The guiding ethos for decision makers has essentially been that the land market efficiently allocates resources to the most appropriate uses and at prices that reflect value, that farms can move elsewhere when faced with urban development pressures, or any production shortfalls can be met with more food imports.  As set out on this site in many locations, these views are erroneous and run counter to sustainability and national food security imperatives.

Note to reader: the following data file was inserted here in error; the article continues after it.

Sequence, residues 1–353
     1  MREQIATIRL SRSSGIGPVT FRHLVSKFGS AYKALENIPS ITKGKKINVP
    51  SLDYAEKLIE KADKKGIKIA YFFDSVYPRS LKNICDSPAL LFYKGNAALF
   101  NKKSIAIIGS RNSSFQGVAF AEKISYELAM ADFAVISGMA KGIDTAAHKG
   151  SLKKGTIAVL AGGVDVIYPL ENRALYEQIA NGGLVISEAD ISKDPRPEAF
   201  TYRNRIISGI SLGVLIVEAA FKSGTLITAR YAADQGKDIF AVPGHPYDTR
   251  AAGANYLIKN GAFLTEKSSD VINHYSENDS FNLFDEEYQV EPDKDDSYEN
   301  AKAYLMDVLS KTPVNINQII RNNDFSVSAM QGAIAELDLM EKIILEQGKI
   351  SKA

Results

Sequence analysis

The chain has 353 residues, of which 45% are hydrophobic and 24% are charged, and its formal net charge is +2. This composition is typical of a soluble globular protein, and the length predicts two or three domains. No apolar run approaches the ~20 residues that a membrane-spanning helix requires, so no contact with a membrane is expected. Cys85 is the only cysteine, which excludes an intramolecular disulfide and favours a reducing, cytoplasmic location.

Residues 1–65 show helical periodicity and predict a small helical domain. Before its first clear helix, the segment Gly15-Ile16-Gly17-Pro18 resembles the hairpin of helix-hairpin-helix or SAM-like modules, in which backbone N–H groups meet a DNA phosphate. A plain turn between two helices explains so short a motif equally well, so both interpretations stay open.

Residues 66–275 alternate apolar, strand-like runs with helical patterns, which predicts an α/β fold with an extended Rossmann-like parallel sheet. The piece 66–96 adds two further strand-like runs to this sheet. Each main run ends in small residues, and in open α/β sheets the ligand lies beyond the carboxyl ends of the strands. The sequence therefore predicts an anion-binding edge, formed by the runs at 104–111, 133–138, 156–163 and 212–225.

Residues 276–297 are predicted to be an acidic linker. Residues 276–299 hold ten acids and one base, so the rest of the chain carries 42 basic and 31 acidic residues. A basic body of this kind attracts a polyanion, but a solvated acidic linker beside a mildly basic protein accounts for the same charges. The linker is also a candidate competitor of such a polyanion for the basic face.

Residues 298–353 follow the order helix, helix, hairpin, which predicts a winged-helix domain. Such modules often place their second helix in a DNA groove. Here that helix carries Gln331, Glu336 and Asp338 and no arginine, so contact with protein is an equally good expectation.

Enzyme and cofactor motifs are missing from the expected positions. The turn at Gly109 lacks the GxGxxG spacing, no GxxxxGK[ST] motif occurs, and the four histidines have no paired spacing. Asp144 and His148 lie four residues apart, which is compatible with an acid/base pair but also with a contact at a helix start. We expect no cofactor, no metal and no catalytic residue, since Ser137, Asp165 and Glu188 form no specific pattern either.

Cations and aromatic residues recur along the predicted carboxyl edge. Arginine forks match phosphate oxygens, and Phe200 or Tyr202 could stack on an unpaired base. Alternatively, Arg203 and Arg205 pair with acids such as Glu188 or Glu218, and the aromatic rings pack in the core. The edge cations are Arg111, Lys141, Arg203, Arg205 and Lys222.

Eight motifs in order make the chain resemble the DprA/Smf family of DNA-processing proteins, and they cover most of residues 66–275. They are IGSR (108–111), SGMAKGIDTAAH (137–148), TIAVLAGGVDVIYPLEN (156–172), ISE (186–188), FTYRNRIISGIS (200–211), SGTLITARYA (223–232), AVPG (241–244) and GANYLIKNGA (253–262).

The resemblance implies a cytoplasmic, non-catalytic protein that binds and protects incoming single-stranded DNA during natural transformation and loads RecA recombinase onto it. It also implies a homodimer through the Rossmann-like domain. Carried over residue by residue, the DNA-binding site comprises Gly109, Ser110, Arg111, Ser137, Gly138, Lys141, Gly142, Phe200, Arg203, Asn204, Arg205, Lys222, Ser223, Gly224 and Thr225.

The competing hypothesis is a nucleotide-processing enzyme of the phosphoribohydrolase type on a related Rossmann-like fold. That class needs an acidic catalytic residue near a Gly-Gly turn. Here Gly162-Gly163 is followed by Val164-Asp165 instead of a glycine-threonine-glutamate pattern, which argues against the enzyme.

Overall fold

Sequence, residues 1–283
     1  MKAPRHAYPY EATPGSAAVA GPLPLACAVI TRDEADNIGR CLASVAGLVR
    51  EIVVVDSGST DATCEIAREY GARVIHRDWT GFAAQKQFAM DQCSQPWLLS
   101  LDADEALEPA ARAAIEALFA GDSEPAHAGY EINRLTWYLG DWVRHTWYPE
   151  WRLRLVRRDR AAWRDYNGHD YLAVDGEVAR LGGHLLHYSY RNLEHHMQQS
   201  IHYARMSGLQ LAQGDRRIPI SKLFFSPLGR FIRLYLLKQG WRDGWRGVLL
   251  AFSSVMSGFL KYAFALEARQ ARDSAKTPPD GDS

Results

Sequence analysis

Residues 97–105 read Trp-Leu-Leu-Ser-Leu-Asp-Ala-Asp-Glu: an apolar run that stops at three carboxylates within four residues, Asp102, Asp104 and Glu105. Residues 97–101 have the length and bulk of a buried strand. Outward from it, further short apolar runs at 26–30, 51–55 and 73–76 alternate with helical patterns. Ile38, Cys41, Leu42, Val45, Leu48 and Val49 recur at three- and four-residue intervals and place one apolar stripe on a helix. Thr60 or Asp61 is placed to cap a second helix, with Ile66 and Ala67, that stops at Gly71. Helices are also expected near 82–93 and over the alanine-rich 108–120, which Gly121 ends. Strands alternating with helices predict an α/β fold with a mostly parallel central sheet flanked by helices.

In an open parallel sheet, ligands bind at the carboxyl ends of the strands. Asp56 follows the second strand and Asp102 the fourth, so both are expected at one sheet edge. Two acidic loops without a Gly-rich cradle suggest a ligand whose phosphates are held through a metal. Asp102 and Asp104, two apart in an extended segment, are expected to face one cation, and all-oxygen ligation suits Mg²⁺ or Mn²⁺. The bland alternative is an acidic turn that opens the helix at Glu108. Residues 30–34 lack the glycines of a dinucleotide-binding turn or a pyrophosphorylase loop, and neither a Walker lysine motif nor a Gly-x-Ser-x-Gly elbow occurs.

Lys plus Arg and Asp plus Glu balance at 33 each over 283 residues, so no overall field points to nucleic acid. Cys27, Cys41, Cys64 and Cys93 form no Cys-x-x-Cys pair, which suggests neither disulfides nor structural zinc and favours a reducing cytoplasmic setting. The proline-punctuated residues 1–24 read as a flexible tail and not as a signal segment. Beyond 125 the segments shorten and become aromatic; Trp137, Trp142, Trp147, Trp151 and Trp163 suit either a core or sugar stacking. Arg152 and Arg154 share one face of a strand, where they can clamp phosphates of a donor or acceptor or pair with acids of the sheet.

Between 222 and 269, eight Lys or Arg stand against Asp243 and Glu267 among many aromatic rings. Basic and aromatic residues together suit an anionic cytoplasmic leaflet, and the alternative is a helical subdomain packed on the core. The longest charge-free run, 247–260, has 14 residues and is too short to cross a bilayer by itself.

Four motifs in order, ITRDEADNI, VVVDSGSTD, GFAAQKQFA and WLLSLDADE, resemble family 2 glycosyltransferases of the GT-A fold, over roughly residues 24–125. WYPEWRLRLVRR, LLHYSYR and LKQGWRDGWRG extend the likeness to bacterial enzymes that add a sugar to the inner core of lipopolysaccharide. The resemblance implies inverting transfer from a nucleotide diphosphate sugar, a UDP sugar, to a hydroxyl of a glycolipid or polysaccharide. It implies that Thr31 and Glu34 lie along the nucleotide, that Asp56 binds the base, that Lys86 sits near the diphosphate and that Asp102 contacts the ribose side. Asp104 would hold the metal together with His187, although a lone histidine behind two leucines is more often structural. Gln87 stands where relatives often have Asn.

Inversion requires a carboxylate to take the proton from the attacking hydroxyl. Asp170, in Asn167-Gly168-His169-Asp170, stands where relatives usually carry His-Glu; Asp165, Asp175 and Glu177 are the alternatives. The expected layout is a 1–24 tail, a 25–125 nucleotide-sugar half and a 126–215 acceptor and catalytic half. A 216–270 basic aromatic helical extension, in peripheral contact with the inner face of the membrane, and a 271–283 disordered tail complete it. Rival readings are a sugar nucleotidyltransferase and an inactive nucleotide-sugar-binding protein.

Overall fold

In Canada, the main instruments of agricultural land protection have been differential property assessments (a tax incentive) and agricultural zoning and urban growth boundaries.  Eight of ten Canadian provinces use preferential assessments (a lower rate of assessment if land is used for agriculture), and NB and NS  use deferred (property taxes are deferred if agricultural land use is maintained). These instruments have not been particularly effective for a variety of reasons, including  that land sale prices for urban development greatly exceed the tax savings, and  the programs are used by land speculators while waiting to develop the land, essentially a subsidy to land developers (Bunce, 1985; American Farmland Trust, 2006).  There is some benefit to keeping the land short term in farming except that the way this land is typically farmed is not environmentally sustainable.